Compliant teams prepared to drag debt-laden rivals into court
Premier League clubs are prepared to take legal action, if required, to prevent the division's big spenders evading Uefa's financial fair play rules.
With four of the leading top-flight clubs having reiterated, in writing, their demand for Uefa's full financial fair play (FFP) rules to be brought in to the Premier League, it is becoming clear that some will take recourse to the courts, if necessary, should Uefa not rigorously enforce it. Only when Uefa's way of operating FFP is seen in practice will those clubs who are in favour know if such action is required, but a number of proprietors have made investment decisions in clubs on the basis of FFP is being introduced.
Liverpool's principal owner, John W Henry, has said that his own decision to purchase the club, in 2010, was in part based on a knowledge that FFP would introduce a level playing field several years later.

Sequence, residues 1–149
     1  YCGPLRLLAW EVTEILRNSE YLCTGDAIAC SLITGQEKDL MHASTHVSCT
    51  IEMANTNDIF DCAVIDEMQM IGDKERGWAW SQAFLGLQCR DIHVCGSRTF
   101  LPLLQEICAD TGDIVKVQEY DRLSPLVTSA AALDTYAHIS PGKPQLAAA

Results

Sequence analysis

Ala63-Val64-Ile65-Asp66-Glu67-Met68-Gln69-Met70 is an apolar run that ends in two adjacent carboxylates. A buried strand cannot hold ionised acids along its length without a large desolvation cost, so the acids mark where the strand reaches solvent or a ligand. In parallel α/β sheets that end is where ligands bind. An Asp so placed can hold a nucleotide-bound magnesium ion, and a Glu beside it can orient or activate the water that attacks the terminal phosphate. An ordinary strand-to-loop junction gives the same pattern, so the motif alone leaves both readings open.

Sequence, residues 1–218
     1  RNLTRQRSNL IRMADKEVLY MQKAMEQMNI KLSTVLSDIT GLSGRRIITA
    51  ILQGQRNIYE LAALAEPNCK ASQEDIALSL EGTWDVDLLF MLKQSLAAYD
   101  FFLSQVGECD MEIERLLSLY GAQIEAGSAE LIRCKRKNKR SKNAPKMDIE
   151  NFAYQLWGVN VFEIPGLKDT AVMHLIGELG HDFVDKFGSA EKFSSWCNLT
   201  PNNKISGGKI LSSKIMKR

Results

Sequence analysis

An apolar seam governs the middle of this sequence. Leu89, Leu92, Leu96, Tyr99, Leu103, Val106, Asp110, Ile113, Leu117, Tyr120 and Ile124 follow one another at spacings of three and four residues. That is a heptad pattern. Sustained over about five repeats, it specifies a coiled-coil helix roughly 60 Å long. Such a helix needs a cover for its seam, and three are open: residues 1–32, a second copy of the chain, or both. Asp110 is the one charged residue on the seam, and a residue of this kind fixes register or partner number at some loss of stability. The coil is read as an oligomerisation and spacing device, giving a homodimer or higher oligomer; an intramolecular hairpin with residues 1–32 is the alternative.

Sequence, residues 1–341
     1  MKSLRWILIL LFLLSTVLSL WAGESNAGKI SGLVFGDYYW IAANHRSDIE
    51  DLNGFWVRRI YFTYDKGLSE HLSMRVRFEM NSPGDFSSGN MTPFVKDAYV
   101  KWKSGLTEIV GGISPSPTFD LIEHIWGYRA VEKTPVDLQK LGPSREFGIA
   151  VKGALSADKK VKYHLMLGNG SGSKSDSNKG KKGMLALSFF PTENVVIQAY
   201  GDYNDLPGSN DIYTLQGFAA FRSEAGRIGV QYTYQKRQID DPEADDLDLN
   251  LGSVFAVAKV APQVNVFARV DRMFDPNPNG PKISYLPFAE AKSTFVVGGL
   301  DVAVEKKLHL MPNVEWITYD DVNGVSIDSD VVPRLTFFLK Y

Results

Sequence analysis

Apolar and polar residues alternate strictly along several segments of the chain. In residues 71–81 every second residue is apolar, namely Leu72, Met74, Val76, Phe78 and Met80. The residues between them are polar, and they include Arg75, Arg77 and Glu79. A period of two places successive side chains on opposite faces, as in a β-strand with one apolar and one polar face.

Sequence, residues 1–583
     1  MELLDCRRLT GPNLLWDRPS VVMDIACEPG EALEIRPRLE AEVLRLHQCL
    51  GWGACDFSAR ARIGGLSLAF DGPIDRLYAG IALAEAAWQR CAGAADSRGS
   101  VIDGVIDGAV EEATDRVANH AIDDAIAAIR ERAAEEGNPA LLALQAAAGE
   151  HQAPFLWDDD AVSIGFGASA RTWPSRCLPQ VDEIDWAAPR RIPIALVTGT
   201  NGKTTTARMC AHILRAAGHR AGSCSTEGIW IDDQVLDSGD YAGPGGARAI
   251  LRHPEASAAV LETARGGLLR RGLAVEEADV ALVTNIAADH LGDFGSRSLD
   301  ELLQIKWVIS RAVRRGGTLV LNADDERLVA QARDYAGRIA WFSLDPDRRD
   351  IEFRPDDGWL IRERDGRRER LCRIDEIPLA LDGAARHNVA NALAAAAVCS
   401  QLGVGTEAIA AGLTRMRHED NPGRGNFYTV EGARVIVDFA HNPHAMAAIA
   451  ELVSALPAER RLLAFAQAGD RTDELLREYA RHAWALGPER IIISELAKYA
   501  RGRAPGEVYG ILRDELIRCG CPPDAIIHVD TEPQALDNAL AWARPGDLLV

Henry said in his first meeting with newspaper journalists after buying Liverpool that it didn't matter he lacked a "'Sheikh' in front of my name" because FFP would deliver a level playing field. When it was put to him Manchester City, Real Madrid or anyone else will find a way around the Uefa break-even rules, he replied: "You're cynical. If the FFP rules were ridiculous or not that strong, why was the transfer window down 25pc last year? The clubs have to comply."
City's £97.7m losses for the last financial year left them facing a severe challenge to comply with Uefa's FFP targets. The results also included the first of several puzzling figures in big-spending clubs' accounts – a £13m take for intellectual property sales – which have helped the clubs get nearer to the FFP allowable losses.
City have not yet explained what the £13m covers. Neither have Chelsea explained the £18m "exceptional share profit" item detailed in their accounts, which were released last week. Both items were highlighted by leading FFP analyst Ed Thompson, author of the financialfairplay.co.uk website.
These odd figures illustrate what a minefield Uefa faces in satisfying willingly compliant clubs that they are scrutinising the rest. At Liverpool, Henry is known to be unhappy about the transparency of City's £400m sponsorship deal with the Abu Dhabi airline, Etihad, though there is a strong case to be made for its probity – despite Etihad paying out a world-record sum, having failed to make a profit in its seven years of existence. (© Independent News Service)